You may have seen in the news lately that lithium batteries are becoming an increasing safety hazard to kids. According to the Los Angeles Times, swallowing a battery can cause: “vocal cord paralysis, esophageal narrowing, and destruction or perforation of the trachea or gastric wall, causing bleeding that can be—and has been—fatal to some children.” In today’s world, it’s hard to find toys that capture a child’s attention like the bleeping, flashing, moving do-dads you see in the toy store. Here are some ideas that require a little imagination and provide hours of fun.
Puppets! Puppets are great for bringing out the inner comedian in your child. Listen to the fun voices they use for the puppets and watch them talk to themselves. Children relate to puppets from their earliest years because they are used to making inanimate characters come to life. They try on personalities and take them off again. The puppet can be whatever the puppeteer and the child make it. It can be the child’s friend without demanding something in return. It can say what the child thinks and feel what the child feels. Ask your kids to put on a puppet show for you and see what they come up with!
Checkers and tic-tac-toe. These simple games go fast, but they require strategy and critical thinking skills. They can also teach kids to take turns and share. Many sets now come with large boards made out of rug so you can play on the floor. The pieces are larger too and less of a choking hazard.
Have a large number of children to entertain? How about a round of bingo? Of course, bingo is the perfect game for groups of all sizes. Great for teaching numbers and letters, you can also use bingo to have kids make geometric shapes (square, railroad tracks). Some experiments say that bingo players were more accurate and faster in tests that measured memory, mental speed and their ability to absorb information from the environment around them, than those who did not play the game. One of the other benefits of bingo for kids is the concept of time. Hand-eye coordination needed for bingo may not be as challenging as for other games, but the time constraint in which players must check their numbers is key to the sustenance of mental agility. Whenever someone makes a bingo, have everyone sing the bingo song!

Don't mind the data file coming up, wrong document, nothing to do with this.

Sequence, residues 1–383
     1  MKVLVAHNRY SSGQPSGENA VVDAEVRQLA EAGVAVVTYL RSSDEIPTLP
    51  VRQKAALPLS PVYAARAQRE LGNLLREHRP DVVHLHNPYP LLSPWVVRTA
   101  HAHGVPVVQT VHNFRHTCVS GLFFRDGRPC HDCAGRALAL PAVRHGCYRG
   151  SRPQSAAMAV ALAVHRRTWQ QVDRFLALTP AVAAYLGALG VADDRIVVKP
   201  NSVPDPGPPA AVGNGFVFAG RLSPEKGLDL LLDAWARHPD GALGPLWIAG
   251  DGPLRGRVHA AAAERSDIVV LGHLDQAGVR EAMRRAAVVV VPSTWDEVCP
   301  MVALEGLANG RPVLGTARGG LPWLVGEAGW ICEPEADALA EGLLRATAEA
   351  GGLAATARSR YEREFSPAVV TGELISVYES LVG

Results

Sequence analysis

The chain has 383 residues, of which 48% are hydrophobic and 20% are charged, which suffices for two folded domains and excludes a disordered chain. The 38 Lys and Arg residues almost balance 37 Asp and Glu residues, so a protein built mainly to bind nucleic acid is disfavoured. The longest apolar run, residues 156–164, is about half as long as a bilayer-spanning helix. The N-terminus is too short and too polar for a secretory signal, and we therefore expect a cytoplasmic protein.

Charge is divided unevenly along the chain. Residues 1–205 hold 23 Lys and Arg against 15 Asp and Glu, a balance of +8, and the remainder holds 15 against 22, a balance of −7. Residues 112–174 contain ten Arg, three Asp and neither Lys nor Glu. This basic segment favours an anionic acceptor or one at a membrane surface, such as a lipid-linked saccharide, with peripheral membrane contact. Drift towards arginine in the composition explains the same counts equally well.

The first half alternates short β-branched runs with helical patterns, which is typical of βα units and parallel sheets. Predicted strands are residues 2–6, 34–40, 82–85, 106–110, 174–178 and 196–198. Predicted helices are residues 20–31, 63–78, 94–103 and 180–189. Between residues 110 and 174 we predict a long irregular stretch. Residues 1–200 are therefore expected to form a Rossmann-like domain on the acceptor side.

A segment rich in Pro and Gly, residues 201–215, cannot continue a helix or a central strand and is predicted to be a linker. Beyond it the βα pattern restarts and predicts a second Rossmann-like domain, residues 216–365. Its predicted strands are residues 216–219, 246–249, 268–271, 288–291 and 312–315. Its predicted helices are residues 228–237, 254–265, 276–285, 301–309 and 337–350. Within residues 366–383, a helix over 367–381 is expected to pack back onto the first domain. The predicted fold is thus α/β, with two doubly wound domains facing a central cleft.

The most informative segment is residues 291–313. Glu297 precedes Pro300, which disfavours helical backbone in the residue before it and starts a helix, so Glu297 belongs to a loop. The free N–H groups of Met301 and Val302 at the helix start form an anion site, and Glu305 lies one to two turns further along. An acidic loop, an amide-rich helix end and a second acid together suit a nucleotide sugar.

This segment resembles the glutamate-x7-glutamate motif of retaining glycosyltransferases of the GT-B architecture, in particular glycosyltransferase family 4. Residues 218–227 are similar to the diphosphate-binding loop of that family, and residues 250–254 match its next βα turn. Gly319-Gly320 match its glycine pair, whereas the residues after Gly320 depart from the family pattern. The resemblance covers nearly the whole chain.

There are a number of card games that you can teach kids. A popular one uses more than one deck. The cards are divided equally among the players, then the players try to diminish their hand by laying down cards in the order they appear in the deck, face down. The object is for the player to discard all the cards from their hand. This is done by placing one or more cards, ostensibly of a stated value, on the discard pile. Others are allowed to challenge the veracity of the player’s claim about the cards being played. The game has many nicknames, but you can use ‘Kiwi’ or ‘No Way’ or ‘Bluffing’ for the kids.
So try a new activity for your child that doesn’t involve bells, beeping, or batteries! Sometimes an imagination is a child’s best play accessory.